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  • UCR campus, Athletics and Dance Building ATHD 159 (map)

UCR Visiting Assistant Professor: Louise Potiki Bryant
DNCE 244: Special Topics in Dance Making
Whakaahua - Coming to Form - An indigenous approach to dance-making
An in-class showing open to campus.

Josie Bettman
Olana Flynn
Christina Leyva
Magnolia Yang Sao Yia

Nau mai, haere mai.
We would like to welcome you to TŪHONO, an in-class showing of solo works by graduate students Josie Bettman, Olana Flynn, Magnolia Yang Sao Yia, and Christina Leyva.

Each solo has been devised within the framework, principles and methodologies of Whakaahua Dance - an indigenous dance and somatic practice which arose out of Potiki Bryant’s long-term collaboration with researcher and composer Professor Te Ahukaramū Charles Royal.

Whakaahua Dance is informed by Professor Royal’s research into the historical whare tapere - Māori community houses of storytelling, dance, music, games and more. Whakaahua means to acquire form or to transform, and Whakaahua Dance draws inspiration from a central concept of the haka (dance) of the whare tapere, whereby a quality from the natural world emerges from deep within a dancer to find it’s fullest expression in the performance of the dance. The Whakaahua Dance practice offers somatic exercises and techniques for creativity, healing, choreography and movement improvisation.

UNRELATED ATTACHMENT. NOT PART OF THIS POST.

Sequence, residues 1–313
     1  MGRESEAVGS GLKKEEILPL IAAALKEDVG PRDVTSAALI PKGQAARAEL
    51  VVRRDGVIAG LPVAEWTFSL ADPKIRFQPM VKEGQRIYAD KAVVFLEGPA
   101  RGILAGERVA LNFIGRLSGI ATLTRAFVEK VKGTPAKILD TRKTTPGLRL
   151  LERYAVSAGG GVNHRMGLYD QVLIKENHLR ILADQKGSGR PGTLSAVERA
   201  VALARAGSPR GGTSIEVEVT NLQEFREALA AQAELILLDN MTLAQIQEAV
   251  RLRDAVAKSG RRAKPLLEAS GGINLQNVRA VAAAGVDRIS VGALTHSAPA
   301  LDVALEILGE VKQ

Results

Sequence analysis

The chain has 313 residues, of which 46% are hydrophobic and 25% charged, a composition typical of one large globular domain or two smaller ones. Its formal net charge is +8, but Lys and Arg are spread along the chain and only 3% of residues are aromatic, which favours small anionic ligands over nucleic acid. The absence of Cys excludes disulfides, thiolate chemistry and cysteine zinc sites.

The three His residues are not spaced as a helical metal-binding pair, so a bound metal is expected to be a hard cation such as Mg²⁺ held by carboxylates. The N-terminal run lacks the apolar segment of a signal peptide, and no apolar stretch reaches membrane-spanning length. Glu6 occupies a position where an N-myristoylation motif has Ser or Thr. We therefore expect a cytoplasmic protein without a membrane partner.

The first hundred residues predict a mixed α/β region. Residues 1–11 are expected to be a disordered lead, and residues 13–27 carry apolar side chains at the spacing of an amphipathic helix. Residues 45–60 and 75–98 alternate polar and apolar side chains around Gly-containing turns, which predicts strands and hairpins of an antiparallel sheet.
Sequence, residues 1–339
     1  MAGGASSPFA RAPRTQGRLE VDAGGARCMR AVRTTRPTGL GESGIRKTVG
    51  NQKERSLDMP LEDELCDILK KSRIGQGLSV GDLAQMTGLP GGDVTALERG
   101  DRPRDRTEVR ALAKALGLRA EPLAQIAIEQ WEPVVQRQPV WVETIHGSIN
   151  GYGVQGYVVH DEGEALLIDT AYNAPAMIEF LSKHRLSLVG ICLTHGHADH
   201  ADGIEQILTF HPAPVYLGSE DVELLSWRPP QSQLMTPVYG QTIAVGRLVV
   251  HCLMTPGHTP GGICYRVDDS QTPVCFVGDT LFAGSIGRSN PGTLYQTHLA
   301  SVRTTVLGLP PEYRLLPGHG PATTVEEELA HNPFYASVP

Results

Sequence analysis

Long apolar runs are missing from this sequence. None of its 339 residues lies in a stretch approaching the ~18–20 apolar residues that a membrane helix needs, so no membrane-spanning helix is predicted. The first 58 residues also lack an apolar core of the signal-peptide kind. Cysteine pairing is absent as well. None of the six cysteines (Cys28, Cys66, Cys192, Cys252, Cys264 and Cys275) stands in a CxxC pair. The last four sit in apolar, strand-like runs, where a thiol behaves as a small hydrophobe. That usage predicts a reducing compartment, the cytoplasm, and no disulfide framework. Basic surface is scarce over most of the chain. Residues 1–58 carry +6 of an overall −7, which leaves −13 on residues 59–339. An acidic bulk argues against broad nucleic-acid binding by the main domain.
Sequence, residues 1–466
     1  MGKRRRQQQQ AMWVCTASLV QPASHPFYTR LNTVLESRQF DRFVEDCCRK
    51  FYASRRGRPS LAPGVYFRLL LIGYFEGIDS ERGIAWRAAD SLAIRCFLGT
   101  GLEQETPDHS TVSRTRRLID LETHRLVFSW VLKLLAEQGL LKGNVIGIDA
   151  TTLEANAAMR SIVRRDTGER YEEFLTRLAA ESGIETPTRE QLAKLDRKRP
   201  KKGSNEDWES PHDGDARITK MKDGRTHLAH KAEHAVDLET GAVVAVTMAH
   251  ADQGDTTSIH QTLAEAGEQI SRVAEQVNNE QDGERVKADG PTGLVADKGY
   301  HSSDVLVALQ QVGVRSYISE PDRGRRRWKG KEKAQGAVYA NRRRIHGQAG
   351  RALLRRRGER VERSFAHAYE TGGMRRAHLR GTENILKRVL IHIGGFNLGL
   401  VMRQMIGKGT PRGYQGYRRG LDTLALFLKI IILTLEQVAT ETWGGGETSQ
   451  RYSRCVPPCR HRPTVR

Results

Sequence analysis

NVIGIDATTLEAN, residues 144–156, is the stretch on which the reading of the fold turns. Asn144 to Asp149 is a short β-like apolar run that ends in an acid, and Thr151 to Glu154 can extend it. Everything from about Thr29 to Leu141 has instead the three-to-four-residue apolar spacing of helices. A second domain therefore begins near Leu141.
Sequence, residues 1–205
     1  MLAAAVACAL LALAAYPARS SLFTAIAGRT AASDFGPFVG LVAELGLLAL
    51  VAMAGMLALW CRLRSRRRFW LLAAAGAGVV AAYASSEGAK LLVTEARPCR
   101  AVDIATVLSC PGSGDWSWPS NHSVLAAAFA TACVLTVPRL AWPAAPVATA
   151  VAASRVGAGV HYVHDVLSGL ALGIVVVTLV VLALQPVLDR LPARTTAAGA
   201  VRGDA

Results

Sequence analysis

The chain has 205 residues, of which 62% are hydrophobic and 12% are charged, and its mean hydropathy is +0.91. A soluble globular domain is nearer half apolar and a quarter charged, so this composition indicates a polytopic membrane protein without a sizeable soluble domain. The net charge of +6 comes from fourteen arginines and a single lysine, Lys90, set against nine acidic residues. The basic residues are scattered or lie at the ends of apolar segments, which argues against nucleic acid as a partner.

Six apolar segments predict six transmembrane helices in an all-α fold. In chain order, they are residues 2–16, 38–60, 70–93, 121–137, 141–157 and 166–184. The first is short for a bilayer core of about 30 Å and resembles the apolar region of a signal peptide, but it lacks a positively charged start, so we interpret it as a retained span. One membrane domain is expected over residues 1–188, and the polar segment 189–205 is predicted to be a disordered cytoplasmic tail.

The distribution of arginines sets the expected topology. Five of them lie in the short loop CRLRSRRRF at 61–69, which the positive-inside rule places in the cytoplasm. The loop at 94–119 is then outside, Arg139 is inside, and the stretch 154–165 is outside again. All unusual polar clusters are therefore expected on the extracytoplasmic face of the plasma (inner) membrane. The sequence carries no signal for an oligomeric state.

The name of our showing; Tūhono means to join, bond or to connect, and is an acknowledgement of the connections we’ve made, across cultures and nations, via the sharing of the Whakaaua Dance practice.

Earlier Event: June 4
Round 1